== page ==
It’s not just the House Select Committee on January 6 that wants a better look at many of those involved in Donald Trump’s scheme to overturn the results of the 2020 election. Thanks to their wide-ranging activities in many states, investigations are going on at the local, state, and federal level into actions that Trump’s team took in attempting to reverse the will of the American people.

No state may have borne more of Trump’s focused fury than Georgia. President Joe Biden carried the state by over 12,500 votes, making it second to Arizona when it comes to the the narrowest margin of victory. This was far outside the realm of possible change that might be addressed by a recount, but Georgia conducted a recount anyway. When that didn’t make things any better for Trump, he requested that Georgia count a third time, which it did. Trump still lost, and by a bigger number than ever.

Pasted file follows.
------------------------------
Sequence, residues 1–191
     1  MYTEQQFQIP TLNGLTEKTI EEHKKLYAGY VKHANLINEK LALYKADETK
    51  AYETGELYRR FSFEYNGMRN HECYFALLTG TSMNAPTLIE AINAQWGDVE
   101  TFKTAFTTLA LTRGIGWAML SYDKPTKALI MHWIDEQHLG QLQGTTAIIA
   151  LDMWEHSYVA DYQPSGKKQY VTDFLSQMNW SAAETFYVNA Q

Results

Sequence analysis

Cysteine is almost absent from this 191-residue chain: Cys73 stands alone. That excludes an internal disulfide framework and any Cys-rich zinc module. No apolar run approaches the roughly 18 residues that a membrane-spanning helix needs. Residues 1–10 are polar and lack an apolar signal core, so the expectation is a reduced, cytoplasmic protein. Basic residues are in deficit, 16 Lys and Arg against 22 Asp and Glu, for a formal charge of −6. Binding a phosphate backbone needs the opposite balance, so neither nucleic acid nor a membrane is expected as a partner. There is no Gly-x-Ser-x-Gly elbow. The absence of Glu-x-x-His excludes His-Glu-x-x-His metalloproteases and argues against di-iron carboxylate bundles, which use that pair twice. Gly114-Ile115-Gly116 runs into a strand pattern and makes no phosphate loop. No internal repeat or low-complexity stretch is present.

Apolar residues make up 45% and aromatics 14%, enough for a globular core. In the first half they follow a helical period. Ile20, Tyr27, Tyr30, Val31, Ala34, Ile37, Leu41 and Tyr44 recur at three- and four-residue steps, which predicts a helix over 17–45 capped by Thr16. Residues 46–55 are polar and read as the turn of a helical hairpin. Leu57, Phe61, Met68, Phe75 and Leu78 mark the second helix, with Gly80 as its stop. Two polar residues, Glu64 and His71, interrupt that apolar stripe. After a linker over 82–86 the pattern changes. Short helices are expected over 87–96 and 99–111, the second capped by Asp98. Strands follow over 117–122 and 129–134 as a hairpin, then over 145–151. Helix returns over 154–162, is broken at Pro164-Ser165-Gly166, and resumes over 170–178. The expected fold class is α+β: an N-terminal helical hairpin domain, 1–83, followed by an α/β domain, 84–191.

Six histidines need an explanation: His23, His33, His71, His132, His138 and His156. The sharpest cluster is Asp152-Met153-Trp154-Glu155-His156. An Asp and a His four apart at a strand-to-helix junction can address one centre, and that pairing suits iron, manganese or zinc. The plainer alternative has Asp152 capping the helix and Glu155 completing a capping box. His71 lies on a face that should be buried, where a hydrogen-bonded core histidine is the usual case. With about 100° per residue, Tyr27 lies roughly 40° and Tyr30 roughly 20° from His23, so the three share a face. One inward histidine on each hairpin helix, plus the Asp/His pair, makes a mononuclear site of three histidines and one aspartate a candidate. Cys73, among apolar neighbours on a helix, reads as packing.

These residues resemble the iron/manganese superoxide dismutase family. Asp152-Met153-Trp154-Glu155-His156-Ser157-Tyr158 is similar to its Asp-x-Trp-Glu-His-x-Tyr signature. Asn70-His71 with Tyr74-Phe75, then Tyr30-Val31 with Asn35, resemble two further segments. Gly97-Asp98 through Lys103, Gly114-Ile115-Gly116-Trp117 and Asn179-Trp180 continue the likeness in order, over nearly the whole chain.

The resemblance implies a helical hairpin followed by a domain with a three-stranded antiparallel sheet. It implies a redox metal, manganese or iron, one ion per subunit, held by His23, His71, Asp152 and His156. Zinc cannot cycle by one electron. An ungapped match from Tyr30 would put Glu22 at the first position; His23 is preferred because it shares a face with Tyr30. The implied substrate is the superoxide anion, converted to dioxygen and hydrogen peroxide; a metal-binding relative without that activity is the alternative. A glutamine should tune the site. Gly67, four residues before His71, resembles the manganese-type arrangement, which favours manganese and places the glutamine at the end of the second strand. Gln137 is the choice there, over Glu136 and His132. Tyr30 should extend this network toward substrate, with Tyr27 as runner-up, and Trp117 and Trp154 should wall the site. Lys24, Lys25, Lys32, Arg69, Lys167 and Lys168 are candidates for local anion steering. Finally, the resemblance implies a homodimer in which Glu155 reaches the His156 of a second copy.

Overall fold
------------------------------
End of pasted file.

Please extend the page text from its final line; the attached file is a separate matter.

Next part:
Keep reading... Show less

J.R. Majewski

Youtube Screenshot

A Republican House candidate for a competitive seat in northwest Ohio said Monday that mass shootings are an acceptable price to pay for his right to own guns.

"I don't care if countries in Europe have less shootings because they don't have guns. I care about THE UNITED STATES OF AMERICA and OUR 2nd Amendment Rights," Republican J.R. Majewski tweeted Monday evening. "I think Americans stopped caring what Europe thought of our country in 1776."

Keep reading... Show less
{{ }}